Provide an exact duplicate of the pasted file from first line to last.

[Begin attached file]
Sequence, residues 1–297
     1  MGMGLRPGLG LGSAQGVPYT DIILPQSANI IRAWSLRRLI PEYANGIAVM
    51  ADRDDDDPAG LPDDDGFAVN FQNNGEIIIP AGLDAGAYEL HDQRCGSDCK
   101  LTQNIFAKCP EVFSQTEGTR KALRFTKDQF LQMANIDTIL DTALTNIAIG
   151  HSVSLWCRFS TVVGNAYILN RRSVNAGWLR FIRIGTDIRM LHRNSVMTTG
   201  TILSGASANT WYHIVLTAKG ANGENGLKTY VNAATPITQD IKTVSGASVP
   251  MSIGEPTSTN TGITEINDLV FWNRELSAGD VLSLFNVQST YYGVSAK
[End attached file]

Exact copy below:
Sequence, residues 1–297
     1  MGMGLRPGLG LGSAQGVPYT DIILPQSANI IRAWSLRRLI PEYANGIAVM
    51  ADRDDDDPAG LPDDDGFAVN FQNNGEIIIP AGLDAGAYEL HDQRCGSDCK
   101  LTQNIFAKCP EVFSQTEGTR KALRFTKDQF LQMANIDTIL DTALTNIAIG
   151  HSVSLWCRFS TVVGNAYILN RRSVNAGWLR FIRIGTDIRM LHRNSVMTTG
   201  TILSGASANT WYHIVLTAKG ANGENGLKTY VNAATPITQD IKTVSGASVP
   251  MSIGEPTSTN TGITEINDLV FWNRELSAGD VLSLFNVQST YYGVSAK